I got my start with VTV, Vanderbilt’s television station, and recently produced A Midsemester Night’s Dream with the station. Working with your college communications clubs can be helpful because they often provide equipment, training, mentors, and a network of people dedicated to helping student filmmakers succeed. This is also a great way to get involved if you want to be part of film and TV, but not necessarily create your own work–often other students seek volunteers, from actors to PAs, and you can sign up for these interesting projects through the communications clubs on campus.

 #3: Collaborate

You know who met in college? Wes Anderson and Owen Wilson. Beck Bennett and Kyle Mooney. And potentially you and your next film partners.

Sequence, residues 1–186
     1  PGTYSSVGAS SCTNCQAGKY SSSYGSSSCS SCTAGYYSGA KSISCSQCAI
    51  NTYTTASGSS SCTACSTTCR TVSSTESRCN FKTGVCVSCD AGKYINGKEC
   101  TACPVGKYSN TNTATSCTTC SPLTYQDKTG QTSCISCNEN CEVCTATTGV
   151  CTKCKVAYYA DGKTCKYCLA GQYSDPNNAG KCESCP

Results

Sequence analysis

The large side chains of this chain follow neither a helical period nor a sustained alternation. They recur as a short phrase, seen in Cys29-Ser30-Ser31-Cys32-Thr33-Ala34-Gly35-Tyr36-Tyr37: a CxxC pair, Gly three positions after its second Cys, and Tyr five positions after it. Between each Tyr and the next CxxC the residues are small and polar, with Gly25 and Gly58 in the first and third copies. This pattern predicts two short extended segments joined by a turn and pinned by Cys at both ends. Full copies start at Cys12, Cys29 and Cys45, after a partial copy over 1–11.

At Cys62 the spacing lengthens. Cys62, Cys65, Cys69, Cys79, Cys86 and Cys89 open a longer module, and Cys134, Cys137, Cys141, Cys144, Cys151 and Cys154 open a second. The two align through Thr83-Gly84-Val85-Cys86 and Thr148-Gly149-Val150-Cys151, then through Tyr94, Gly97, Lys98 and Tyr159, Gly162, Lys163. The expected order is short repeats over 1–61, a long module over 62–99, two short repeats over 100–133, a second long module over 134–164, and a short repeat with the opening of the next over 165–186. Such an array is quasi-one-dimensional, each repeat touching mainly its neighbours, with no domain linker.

In college, you’re surrounded by a talented, driven peer group, and it’s a great time to find people who work well with you. Start building a team, and who knows—you might be working together for years to come.

And the collaboration doesn’t have to end there. You can work with other clubs and groups on campus to showcase one another’s talent. For example, I did a fundraiser for my last web series with the improv group on campus, Tongue ‘N’ Cheek.

Improv & 2 favorites

Improv & Shakespeare…my 2 favorites

We performed a half scripted, half improvised show to apply both our talents. This can also be great mutual publicity—the more people who are in your projects, the more people will watch your material, and collaboration is a great way to increase your audience.

 #4: Seek Advice from Professors & Professionals